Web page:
In the past few months I have been challenged to defend computational philosophy, particularly philosophical modeling. Philosophical modeling, like scientific modeling, is a formalization process. However, instead of capturing real-world phenomena, philosophical modeling captures thought experiments.
The process of encoding a thought experiment in a formal system is, itself, beneficial in the same way as standard conceptual analysis: hidden assumptions are unburied and seemingly simple ideas yield refined notions. But, in a way, encoding is more honest–the process is not satisfied until you reach a syntactic, algorithmic level of explicitness and, once our intuitions are encoded, further light may be cast during runtime. Will your thought experiment crash, loop endlessly, or churn away at intractable problems? Do your assumptions actually lead to your conclusions? Do they yield more than expected? Less? As any programmer knows, what we program to happen and what actually happens can be quite different.
Philosophers often use formal systems to reinforce their arguments, but they are typically piecemeal and the most significant assumptions (often unintentionally) remain outside the formalism. Computers are well suited to explore certain features of complex systems like thought experiments. With a computer, philosophers may encode their thought experiments and systematically explore their features. This cannot be matched by armchair speculations. We are prone to errors in inference and unconscious biases, and simply do not have the time or energy to consider the complex interactions of philosophical presuppositions.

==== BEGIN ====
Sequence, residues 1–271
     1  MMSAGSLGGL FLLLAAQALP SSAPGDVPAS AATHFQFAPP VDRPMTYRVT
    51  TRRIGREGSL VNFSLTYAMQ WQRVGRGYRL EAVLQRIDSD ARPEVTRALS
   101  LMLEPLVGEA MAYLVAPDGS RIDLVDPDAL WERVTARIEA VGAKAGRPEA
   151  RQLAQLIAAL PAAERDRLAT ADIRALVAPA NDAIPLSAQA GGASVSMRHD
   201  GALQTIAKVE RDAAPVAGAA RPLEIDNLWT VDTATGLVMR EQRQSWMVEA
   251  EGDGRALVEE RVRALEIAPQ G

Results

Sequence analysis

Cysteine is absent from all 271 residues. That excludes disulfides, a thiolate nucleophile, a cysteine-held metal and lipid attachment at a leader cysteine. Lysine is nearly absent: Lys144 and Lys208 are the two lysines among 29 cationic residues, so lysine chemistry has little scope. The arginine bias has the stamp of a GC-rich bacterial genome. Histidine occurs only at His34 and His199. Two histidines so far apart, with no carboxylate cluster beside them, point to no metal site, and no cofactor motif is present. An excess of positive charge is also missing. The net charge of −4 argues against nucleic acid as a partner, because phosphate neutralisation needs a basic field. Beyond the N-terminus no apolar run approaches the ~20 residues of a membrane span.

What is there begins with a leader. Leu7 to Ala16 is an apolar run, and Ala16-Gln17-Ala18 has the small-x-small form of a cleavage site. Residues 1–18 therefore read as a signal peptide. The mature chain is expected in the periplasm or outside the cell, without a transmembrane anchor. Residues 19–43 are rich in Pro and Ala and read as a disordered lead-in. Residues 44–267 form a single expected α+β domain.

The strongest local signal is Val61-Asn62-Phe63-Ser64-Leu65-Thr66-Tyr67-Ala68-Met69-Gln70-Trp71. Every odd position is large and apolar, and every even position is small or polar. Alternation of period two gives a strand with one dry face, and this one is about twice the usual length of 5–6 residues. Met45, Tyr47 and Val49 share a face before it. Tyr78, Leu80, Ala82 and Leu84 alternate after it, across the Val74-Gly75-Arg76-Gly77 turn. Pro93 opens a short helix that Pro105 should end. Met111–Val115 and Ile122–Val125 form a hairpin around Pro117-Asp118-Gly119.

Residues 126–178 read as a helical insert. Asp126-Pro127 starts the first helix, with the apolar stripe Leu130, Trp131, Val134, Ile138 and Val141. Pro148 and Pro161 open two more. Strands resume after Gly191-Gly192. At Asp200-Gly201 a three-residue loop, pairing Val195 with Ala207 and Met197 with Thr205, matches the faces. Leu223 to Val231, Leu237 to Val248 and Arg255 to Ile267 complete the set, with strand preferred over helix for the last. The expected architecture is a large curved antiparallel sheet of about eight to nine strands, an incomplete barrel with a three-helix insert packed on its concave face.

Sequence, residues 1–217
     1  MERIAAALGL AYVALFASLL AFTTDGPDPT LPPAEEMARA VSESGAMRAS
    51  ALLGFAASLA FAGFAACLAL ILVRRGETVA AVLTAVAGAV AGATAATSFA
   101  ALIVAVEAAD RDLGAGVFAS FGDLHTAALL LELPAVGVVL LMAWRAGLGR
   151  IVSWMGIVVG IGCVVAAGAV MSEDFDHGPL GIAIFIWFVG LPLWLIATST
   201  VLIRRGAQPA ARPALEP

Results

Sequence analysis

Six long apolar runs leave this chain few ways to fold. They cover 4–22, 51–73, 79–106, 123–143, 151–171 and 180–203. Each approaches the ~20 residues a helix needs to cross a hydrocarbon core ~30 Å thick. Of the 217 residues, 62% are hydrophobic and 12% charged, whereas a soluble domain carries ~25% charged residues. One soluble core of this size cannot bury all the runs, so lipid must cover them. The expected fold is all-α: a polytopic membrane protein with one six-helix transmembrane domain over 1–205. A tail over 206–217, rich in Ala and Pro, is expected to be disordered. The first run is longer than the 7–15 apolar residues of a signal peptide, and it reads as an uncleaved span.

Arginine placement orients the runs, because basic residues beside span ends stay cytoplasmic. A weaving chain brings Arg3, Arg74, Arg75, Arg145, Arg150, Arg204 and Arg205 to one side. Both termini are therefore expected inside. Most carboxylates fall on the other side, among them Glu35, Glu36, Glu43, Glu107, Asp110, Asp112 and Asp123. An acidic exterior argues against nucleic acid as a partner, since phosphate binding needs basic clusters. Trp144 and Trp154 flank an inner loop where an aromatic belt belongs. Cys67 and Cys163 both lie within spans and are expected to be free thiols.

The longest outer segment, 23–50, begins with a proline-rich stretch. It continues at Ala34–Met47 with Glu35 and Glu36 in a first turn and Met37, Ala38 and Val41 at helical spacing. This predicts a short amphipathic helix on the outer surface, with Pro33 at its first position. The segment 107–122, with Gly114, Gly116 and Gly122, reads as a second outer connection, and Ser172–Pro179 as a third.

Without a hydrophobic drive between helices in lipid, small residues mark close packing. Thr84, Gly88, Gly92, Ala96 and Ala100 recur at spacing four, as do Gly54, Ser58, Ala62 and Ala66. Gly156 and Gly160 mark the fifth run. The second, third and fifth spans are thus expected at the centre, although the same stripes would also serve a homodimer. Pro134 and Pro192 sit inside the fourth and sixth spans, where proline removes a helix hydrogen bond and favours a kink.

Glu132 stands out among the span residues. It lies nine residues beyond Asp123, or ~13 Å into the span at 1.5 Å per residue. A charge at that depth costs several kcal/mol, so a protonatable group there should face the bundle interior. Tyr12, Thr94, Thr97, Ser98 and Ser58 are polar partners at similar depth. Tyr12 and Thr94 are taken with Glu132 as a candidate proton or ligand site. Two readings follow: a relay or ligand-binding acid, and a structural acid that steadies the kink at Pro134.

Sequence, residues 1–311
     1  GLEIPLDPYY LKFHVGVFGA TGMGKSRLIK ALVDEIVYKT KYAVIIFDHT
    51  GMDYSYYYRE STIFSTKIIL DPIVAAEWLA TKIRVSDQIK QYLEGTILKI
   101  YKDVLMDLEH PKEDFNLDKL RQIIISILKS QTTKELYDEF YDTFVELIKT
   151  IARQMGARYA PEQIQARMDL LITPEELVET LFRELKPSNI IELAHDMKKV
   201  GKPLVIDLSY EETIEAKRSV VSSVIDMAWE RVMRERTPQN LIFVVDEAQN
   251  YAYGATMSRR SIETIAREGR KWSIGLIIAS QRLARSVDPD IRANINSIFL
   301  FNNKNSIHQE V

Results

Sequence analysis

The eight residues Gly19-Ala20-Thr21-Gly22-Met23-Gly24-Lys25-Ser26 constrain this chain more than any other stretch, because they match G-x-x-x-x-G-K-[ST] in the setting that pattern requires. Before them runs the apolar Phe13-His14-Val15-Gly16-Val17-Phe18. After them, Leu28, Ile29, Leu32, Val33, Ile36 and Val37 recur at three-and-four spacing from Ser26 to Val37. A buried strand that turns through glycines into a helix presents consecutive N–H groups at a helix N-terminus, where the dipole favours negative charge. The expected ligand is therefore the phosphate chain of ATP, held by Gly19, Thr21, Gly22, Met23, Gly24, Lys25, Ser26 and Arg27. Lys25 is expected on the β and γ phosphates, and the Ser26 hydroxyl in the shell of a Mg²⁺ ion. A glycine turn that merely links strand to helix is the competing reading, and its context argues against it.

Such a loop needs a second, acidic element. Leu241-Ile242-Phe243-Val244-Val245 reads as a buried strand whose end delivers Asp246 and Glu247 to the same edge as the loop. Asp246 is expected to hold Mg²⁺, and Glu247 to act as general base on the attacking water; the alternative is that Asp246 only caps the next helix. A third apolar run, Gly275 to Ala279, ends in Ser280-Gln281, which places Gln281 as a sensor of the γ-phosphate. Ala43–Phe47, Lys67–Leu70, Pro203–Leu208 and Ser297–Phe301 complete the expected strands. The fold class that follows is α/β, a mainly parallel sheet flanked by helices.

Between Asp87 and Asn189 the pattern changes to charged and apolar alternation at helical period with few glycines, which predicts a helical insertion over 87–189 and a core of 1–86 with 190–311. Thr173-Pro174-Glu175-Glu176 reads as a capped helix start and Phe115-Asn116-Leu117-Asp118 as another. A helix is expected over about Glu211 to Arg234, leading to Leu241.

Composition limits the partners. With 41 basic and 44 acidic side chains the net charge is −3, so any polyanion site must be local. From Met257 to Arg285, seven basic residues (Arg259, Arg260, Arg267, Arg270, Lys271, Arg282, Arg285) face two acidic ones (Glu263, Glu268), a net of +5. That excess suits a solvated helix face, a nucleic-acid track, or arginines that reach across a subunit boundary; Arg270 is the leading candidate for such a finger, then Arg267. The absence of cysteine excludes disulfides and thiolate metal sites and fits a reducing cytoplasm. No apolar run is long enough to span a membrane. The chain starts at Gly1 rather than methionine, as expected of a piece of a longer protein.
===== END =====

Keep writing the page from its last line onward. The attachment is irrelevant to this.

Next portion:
I should note that this methodology is not completely foreign to philosophers. Here are a few examples:
- Daniel Dennett uses cellular automata as a toy world to test our thoughts about evolution, model making, and free will (Darwin’s Dangerous Idea, ‘Real Patterns’ in Brainchildren, Freedom Evolves).
- Grim, Marr and St. Dennis programmed logical and game theoretic systems to illuminate standard philosophical problems in The Philosophical Computer.
- Lastly, in John Pollock’s essay ‘Procedural Epistemology’ (in The Digital Phoenix) he reports about OSCAR, an epistemological agent, to demonstrate his philosophical theories.
In the last essay we are encouraged to "put our model where our mouth is" when it comes to our epistemological theories. Indeed we should, in epistemology and elsewhere.